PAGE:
Michele Christiansen Forster began law school at the University of Utah S.J. Quinney College of Law in the early 1990s as part of the first incoming class in history to consist of more women than men. She’s continued to be a trailblazer since graduating and has held several positions in the public sphere, including serving on the Utah Court of Appeals after an appointment by Gov. Gary Herbert in 2010.
Christiansen Forster was recently named the 2017 recipient of the Dorathy Merrill Brothers Award for the Advancement of Women in the Legal Profession by the Utah State Bar. The award is given to a person who demonstrates the highest qualities of professionalism, public service, and public dedication. The recipient also is recognized for enhancing the administration of justice, the delivery of legal services, improving the legal profession, encouraging new efforts, and engaging in significant activity on behalf of the advancement of women.
Christiansen Forster spoke to the S.J. Quinney College of Law recently about her path to law school in a Q&A:
Q: What made you interested in going to law school?
A: I wish I could tell you that I have always had a passion for the law, but the reality of my path to law school is not quite that dramatic. My senior year in college I was appointed to serve on the Lawrence University Judicial Board, the body which adjudicated complaints of student social code violations. These hearings were my first taste of quasi-legal proceedings and I found that I really enjoyed examining the governing regulations and rules and being a part of a group that helped resolve conflict between students. Also, strangely enough, graduating with a Bachelor of Arts degree in French intellectual history from a small midwestern liberal arts college did not seem to open as many employment doors as one would think! At the end of the day, I couldn’t be happier that I chose the legal profession and that I attended law school at the University of Utah.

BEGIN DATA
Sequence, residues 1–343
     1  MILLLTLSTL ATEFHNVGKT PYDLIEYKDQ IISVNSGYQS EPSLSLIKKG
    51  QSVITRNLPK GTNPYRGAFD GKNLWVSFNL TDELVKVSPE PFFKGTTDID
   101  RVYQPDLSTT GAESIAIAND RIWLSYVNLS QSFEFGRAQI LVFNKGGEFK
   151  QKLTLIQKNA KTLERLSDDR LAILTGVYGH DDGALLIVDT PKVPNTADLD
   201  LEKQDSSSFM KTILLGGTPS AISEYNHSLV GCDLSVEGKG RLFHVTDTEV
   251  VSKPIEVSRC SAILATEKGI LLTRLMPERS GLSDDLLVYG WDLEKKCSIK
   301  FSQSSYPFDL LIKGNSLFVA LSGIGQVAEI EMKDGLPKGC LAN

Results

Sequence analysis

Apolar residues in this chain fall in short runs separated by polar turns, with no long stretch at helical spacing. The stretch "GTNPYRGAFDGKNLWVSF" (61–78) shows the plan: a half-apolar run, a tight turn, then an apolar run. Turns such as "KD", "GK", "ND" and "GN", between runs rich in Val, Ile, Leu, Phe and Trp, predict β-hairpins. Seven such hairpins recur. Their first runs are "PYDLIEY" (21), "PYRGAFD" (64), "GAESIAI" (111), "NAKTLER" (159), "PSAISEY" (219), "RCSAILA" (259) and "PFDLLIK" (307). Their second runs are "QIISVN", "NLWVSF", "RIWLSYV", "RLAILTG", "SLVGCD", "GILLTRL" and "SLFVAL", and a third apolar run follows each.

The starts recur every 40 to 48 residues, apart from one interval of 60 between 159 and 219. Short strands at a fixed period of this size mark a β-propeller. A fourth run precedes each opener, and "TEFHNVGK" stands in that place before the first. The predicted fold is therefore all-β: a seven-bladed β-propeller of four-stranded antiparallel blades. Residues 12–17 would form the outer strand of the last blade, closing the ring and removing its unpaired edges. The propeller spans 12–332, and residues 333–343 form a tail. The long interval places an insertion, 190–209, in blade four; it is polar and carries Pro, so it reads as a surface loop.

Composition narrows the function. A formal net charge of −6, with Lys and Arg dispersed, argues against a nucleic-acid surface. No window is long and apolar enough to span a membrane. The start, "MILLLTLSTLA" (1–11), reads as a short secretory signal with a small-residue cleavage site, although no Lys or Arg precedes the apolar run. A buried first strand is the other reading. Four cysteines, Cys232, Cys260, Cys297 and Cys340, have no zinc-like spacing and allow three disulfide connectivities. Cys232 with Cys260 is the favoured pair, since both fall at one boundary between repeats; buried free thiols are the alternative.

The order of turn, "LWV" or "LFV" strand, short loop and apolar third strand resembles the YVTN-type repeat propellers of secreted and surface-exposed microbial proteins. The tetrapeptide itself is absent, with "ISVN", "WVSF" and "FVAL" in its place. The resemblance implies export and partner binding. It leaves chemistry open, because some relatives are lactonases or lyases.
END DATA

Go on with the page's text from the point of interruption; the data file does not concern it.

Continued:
Q: What do you do today? How did your time at the law school shape and/or help what you are currently doing?
A: I am currently the Associate Presiding Judge of the Utah Court of Appeals and I have been an appellate judge for almost nine years. Prior to joining the Court of Appeals, I was a trial judge in the Third District Court for a little over three years. There are so many ways my time at the law school helped me on my judicial path. First and foremost, the relationships I developed with my professors and fellow students have provided me with life-long mentors and supportive friends who push me to be my best self and legal professional. I would not be where I am today if it weren’t for the many amazing people I met and with whom I worked during my three years at the law school. Other significant benefits of my law school experience were the excellent legal research and legal writing instruction and professors I had during my time there. It goes without saying that strong research and writing skills are a must for an appellate judge and I continue to be grateful for all who helped me become a better writer and for those who taught me to think critically and analytically.